Get Smart . . . To Achieve Retire-ability

August 13, 2018—We’ve been talking about the way a 401(k) plan can be a great benefit for employers. By building employees’ financial confidence and increasing their ability to retire on time, organizations reduce the workplace distractions that result when employees are financially stressed. They also decrease the future potential for the higher salary and benefits costs that occur when employees work past retirement.

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Continuing the Conversation: Company Benefits when 401(k) Plan Includes Financial Education

July 5, 2018—Have you started the conversation at your company to determine how to get the biggest organization benefit from your company’s 401(k) plan?

In last month’s Starting the Conversation blog I shared some facts to get company leadership talking. There’s a heavy organization cost when employees can’t retire at normal retirement age and an even greater burden when employees lack the solid financial foundation that allows them to build toward retirement.

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Starting the Conversation: Linking Retire-ability and Organization Viability

June 7, 2018—Previously, I suggested that the ability of employees to retire at a normal retirement age is a benefit of as much significance to the organization for which they work as it is to them individually. Increasingly, employers recognize that it’s in their company’s best interest to do what they can to help their employees establish a firm financial footing and build toward retirement readiness.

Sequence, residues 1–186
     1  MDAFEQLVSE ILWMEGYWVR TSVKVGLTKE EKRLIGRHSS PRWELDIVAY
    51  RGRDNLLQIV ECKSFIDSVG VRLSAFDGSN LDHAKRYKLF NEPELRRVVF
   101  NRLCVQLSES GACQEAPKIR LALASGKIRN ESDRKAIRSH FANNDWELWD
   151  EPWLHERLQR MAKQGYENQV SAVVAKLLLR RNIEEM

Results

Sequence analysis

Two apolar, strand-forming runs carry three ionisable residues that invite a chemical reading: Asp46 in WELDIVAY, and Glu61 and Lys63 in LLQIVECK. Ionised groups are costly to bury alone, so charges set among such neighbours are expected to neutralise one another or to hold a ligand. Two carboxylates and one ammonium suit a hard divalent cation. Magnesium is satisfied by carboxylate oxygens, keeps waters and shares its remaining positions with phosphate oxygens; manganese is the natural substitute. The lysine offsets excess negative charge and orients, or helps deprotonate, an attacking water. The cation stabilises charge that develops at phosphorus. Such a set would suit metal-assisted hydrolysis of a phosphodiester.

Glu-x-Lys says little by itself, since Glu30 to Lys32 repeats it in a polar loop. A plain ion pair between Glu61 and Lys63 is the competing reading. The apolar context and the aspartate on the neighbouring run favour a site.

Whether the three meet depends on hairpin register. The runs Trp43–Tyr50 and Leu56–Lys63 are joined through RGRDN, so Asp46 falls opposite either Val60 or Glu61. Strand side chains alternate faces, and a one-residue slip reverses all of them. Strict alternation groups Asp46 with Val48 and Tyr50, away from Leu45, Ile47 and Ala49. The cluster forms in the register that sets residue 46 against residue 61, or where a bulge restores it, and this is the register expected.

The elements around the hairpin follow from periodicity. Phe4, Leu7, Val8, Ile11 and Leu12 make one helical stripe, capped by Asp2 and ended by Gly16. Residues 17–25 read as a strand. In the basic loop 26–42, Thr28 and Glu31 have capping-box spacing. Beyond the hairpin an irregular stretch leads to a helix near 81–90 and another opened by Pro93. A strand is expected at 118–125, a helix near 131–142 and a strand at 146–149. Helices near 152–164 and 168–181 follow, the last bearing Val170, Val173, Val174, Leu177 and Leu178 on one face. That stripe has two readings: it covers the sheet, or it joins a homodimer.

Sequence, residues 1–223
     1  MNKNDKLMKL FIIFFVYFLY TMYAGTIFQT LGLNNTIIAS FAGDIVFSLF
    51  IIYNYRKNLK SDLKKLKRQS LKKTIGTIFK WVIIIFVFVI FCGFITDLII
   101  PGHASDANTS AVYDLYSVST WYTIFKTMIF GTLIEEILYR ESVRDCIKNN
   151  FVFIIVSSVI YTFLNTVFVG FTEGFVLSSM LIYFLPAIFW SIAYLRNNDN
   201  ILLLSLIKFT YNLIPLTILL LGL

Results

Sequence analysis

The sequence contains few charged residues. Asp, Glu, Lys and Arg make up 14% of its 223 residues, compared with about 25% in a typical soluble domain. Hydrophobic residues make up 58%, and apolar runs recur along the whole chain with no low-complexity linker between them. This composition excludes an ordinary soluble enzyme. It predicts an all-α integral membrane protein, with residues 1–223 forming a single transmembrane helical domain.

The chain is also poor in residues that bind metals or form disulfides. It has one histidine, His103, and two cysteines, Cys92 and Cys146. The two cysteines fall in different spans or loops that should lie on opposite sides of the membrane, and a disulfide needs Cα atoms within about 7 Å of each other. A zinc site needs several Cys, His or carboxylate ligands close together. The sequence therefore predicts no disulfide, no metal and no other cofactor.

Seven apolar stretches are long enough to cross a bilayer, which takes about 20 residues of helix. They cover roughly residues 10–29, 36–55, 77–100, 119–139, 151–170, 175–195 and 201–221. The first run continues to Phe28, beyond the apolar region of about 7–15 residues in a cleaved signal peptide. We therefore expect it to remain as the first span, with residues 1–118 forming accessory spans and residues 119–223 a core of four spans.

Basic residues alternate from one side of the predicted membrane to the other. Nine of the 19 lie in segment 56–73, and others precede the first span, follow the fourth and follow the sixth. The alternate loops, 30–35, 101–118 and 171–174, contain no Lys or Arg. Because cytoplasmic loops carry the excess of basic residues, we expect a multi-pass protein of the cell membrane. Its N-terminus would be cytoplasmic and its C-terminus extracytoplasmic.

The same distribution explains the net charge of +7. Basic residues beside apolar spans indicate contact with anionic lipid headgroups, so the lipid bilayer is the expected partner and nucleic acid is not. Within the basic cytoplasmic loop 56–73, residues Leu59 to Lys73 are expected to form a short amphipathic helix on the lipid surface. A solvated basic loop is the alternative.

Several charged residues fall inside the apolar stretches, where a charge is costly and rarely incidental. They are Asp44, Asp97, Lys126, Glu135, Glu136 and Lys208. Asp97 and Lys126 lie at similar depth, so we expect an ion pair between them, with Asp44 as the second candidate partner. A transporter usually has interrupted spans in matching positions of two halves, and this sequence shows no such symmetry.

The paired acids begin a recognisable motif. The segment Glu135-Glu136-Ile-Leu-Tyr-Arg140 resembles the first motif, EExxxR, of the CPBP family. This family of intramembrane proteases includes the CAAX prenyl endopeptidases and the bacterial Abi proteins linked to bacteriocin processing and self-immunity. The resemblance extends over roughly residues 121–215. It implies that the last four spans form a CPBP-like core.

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Did You Pass the Test? Possibilities Await!

March 1, 2018—When it comes to defined contribution retirement plans, employers have numerous goals. As I meet with them, there are two objectives that I hear frequently from those that sponsor a 401(k) plan. One is that they want to encourage greater participation and higher rates of saving to help company employees achieve financial security in retirement. Just as important, they want to make sure highly compensated executives and company owners can make the maximum contributions allowed by law.

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Are You Among the 38%?

December 7, 2017—A record number of 401(k) and 403(b) plan sponsors – 38% – are actively seeking new plan advisors, according to a recent Fidelity Investments survey. That’s not a surprise given changes in the retirement plan industry. Among other things, the Department of Labor’s new Fiduciary Rule requires employers to confirm their advisors are acting as fiduciaries and in the best interests of their clients. Advisors who are unprepared have caused some employers to interview other advisors.

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Supervising Your Plan’s Investment Manager and an Atmosphere of Misinformation

October 26, 2017—Plan sponsors have a lot on their plate. Not only is the list of Administrative responsibilities exceptionally long, the Trustee side (where investment decisions are made) can be overwhelming when managed properly. Fortunately, the law which governs Retirement Plans – the Employee Retirement Income Security Act, or ERISA – allows plan sponsors to delegate their responsibility to outside professionals. Not only does delegation save the sponsor time and effort, the icing on the cake is that delegation, to certain providers, also removes any potential liability for the role.

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